Lebanon uprising protesters anxiously await military court trials

Beirut, Lebanon – The anti-government uprising that swept across Lebanon two years ago might be a distant memory to many in the country, now struggling with compounding economic crises that have paralysed much of public life, but that is not the case for the dozens of protesters who are currently awaiting trial at military courts.

More than 200 people – including six minors – who were detained and released during the protests were summoned many months later to the military justice system, accused of engaging in acts of violence against security forces, according to the watchdog Legal Agenda. Most of them have yet to be tried.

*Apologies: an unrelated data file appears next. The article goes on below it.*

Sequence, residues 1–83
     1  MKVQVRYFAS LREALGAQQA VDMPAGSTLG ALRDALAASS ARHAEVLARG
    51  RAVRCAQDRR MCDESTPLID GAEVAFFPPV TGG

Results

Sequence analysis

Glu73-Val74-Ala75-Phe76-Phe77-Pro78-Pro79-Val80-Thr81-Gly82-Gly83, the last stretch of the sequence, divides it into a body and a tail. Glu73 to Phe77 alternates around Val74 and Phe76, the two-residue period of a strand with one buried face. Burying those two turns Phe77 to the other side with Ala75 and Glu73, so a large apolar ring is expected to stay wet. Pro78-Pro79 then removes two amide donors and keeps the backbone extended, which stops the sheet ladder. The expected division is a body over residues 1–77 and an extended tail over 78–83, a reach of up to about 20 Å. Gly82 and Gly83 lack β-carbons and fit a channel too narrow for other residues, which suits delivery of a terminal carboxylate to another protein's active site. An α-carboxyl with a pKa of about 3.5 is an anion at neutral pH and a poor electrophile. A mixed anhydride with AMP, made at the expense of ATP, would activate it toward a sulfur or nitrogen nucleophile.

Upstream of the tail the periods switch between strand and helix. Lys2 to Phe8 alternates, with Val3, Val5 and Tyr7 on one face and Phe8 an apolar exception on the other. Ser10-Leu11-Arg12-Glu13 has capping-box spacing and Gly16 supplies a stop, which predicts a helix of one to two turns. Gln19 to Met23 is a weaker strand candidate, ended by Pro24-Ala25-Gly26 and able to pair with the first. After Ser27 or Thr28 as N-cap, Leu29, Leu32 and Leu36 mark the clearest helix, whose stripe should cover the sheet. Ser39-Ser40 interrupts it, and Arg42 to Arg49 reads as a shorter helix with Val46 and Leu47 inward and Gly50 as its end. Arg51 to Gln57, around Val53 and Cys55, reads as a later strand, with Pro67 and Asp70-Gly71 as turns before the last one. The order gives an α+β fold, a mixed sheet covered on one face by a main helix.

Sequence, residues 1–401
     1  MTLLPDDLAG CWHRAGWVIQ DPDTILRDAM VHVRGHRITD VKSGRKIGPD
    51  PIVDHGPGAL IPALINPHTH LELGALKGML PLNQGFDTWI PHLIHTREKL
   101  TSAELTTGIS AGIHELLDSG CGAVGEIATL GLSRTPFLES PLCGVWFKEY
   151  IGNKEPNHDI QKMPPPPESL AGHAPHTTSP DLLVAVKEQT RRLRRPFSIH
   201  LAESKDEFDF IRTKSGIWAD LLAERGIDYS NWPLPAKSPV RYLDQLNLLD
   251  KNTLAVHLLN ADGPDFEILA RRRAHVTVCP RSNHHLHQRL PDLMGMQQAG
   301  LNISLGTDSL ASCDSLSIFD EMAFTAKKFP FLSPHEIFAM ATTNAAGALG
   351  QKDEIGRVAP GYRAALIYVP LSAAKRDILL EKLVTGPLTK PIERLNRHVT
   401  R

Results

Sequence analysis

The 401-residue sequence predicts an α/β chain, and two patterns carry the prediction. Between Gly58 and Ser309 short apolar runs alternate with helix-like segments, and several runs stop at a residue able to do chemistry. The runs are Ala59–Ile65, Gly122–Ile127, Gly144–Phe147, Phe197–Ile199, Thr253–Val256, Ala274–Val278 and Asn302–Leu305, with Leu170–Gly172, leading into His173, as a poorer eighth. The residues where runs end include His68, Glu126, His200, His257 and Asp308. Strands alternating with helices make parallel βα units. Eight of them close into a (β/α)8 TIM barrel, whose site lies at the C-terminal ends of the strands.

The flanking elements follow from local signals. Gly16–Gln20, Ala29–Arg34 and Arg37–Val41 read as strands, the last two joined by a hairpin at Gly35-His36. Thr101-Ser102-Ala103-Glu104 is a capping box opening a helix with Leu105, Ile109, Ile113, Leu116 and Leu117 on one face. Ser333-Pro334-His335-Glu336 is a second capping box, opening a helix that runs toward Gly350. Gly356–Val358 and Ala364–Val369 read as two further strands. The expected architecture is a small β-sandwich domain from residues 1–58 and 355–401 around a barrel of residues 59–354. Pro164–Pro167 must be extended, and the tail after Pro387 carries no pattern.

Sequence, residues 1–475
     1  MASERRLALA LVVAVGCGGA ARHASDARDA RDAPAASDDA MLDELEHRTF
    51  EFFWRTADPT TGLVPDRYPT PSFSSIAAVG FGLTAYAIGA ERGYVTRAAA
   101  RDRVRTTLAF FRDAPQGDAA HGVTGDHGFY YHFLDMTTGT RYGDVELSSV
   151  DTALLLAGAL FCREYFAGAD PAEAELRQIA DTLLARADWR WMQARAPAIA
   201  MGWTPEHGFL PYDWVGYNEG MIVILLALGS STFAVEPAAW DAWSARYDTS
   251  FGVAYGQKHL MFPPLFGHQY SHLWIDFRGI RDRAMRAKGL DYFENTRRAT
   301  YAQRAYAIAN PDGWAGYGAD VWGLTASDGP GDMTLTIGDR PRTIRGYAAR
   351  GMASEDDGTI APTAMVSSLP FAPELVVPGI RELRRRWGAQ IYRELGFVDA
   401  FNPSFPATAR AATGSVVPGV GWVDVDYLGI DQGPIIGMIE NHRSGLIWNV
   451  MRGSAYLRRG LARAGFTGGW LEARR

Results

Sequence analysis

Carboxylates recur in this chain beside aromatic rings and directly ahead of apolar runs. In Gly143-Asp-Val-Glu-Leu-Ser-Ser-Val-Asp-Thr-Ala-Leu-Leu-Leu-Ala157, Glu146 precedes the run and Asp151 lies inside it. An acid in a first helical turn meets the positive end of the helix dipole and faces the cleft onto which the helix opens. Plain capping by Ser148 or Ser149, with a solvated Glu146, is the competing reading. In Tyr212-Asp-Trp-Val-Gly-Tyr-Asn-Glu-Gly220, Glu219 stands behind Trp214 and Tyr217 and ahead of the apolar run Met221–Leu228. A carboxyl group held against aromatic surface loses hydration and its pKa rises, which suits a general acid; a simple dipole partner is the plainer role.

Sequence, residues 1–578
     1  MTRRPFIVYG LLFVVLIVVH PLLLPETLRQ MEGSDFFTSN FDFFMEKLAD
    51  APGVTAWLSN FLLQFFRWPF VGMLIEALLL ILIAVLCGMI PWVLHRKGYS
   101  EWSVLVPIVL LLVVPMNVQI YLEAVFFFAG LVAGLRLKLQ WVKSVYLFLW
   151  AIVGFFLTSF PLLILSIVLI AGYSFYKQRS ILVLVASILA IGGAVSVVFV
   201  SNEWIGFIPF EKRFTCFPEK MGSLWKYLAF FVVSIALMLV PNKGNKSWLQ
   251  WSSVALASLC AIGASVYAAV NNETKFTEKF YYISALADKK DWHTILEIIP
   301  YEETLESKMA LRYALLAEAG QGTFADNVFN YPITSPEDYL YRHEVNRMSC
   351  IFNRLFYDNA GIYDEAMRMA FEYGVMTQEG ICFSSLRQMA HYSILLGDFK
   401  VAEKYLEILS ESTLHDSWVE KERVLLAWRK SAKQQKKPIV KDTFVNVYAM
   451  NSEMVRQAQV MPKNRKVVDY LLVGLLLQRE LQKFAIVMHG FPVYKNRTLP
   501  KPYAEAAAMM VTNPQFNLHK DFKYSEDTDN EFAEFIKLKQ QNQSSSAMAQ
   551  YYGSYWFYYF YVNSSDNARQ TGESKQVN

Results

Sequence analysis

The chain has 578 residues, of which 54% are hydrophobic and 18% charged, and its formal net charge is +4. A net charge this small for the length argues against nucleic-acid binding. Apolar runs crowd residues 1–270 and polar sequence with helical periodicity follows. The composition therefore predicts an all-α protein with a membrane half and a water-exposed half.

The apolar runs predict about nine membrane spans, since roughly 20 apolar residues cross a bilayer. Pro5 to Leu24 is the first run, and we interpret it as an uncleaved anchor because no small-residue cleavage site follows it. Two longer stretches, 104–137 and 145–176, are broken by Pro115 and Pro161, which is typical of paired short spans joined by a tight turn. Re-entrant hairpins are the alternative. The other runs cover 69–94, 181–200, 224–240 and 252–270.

Among those detained was Alexandre Paulikevitch. The 39-year-old dancer was speaking to a police officer at a January 2020 protest at the central bank in the capital, Beirut, when five other officers dragged him by his hair and beat him. They arrested him and took him in overnight, alongside two other protesters.

“When they interrogated me, they wanted me to confess that I sprayed paint on one of their superiors,” Paulikevitch told Al Jazeera.

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